That's the Republican Party:  vehemently advocate positions that result in great harm, and then, once political controversy erupts, once the destruction becomes transparent, shamelessly pretend to have opposed the policies in the first place.  In fact, as Think Progress documents, many of the very same Republicans who emphatically opposed any executive compensation limits are now leading the way in protesting the AIG bonus payments.  In fairness, some GOP leaders, such as House Minority Leader John Boehner, supported Obama's plan for limiting compensation, but most vehemently opposed it, and even now, the key right-wing leaders -- Rush Limbaugh, Sean Hannity, Glenn Beck -- are all explicitly defending the AIG bonuses.

The controversy of the AIG bonuses -- which, strictly as a quantitative matter, is rather trivial in the scheme of things -- illustrates how warped our political discourse is.  Here is the hierarchy of positions regarding executive compensation limits back in February:

  • Chris Dodd -- advocated full-scale, no-exceptions limits on executive compensation for bailed-out companies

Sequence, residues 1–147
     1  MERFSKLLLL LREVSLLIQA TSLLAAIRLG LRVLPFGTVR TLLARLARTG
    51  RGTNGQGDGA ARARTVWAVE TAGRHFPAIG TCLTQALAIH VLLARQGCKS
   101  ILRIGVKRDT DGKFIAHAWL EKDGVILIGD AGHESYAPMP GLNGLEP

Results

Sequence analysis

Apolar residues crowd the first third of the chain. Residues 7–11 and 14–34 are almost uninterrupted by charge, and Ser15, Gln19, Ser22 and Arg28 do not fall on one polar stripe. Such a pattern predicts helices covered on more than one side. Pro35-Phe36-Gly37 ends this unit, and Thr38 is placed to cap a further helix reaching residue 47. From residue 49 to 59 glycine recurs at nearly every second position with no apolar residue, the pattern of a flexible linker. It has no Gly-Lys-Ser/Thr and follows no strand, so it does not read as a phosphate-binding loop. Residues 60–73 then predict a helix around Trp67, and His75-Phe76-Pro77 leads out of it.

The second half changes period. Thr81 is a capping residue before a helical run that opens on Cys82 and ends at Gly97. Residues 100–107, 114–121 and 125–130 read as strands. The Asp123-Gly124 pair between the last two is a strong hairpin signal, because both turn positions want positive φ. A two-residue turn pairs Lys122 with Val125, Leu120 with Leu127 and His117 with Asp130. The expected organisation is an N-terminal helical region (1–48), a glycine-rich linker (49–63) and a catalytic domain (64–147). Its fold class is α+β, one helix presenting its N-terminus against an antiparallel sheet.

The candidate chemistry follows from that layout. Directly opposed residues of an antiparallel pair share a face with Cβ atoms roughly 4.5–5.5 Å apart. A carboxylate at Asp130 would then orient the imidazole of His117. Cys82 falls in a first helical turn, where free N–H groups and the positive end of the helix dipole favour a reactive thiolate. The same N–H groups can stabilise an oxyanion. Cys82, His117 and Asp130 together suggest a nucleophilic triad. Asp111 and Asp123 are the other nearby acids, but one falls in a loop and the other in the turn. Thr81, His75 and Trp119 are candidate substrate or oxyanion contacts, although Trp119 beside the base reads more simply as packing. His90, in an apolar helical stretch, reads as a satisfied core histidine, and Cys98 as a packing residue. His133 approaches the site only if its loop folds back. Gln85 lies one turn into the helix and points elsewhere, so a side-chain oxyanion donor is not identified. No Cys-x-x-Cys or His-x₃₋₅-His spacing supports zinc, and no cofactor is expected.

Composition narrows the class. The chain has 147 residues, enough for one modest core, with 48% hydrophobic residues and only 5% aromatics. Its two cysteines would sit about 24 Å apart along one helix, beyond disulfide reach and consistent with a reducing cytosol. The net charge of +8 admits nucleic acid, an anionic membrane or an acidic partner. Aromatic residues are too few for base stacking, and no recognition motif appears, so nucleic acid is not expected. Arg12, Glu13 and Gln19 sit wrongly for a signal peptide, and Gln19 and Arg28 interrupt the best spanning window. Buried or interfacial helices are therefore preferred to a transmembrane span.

•  

  • Obama administration -- supported limits but advocated exceptions for already-existing employment contracts
  •  

  • GOP leaders -- opposed all executive compensation limits as Socialist tyranny

Yet everything is exactly backwards in this controversy.  The Obama administration has been trying to blame Dodd for the carve-out that allowed the AIG bonus payments, a carve-out that came into being because Geithner/Summers demanded it and because they opposed the limits Dodd wanted as too onerous.  And now, the GOP -- which opposed limits of any kind -- wants to blame the Obama administration and Dodd because the limits weren't stringent enough to stop the AIG bonus payments.   And the media is playing along perfectly, having clearly decided that the person who led the way in fighting for absolute compensation limits -- Dodd -- is the real villain responsible for the AIG bonuses.